As in Latin, one dominant branch of meaning in "communication" has to do with imparting, quite apart from any notion of a dialog or interactive process. Thus communication can mean partaking, as in being a communicant (partaking in holy communication). Here "communication" suggests belonging to a social body via an expressive act that requires no response or recognition. To communicate by consuming bread and wine is to signify membership in a communion of saints both living and dead, but it is primarily a message-sending activity (except perhaps as a social ritual to please others or as a message to the self or to God). Moreover, here to "communicate" is an act of receiving, not of sending; more precisely, it is to send by receiving. A related sense is the notion of a scholarly "communication" (monograph) or a "communication" as a message or notice. Here is no sense of exchange, through some sort of audience, however vague or dispersed, is implied.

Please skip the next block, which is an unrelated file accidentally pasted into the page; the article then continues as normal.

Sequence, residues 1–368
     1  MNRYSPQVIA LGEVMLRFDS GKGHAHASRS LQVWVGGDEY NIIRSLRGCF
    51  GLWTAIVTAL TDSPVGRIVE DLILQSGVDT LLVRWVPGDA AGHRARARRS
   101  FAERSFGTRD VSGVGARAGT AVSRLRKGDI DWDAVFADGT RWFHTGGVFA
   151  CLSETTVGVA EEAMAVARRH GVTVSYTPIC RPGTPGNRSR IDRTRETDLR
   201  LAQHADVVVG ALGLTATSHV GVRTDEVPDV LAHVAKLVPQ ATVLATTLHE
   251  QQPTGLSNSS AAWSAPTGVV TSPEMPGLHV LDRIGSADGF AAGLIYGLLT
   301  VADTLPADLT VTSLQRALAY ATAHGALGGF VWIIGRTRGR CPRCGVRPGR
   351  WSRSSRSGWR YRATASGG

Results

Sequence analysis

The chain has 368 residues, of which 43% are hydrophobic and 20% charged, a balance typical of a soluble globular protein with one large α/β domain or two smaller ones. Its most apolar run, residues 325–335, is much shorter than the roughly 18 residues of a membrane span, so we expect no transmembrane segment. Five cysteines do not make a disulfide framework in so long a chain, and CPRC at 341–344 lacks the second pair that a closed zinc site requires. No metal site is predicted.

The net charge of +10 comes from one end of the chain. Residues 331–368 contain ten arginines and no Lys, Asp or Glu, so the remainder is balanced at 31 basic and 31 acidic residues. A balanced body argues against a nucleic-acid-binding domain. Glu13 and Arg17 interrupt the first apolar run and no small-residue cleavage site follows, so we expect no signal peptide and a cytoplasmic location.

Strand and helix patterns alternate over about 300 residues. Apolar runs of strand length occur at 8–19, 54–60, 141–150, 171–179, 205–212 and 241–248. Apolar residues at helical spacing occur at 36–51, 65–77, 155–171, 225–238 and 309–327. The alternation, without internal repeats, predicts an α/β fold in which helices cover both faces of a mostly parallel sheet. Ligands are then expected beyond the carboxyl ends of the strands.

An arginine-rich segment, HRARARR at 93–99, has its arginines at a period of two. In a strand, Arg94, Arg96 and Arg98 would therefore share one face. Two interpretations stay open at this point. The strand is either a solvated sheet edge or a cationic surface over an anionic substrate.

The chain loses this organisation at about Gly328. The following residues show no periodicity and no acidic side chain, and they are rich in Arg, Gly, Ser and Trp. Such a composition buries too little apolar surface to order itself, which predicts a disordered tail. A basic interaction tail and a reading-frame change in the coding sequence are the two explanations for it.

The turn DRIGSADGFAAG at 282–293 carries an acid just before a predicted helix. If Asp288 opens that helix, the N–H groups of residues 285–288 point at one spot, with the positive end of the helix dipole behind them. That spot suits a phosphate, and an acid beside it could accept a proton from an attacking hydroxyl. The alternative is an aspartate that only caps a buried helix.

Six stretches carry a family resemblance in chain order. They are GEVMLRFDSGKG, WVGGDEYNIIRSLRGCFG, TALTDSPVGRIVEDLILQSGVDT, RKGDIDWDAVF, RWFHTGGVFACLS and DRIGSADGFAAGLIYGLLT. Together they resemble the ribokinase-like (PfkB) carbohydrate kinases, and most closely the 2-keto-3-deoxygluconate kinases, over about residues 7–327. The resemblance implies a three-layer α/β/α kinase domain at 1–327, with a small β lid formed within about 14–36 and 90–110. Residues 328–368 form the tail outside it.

- "Speaking into the air", John Durham Peters, p.7
Sunday, November 15, 2015
What we've got here is failure to understand Scholarly Communication
If you follow conversations about Scholarly Communication (as I do), it is not uncommon to run into the frustrations of librarians and scholars who cannot understand why their peers continue to publish in journals that reside behind expensive paywalls. As someone who very much shares this frustration, I found this quotation particularly illuminating: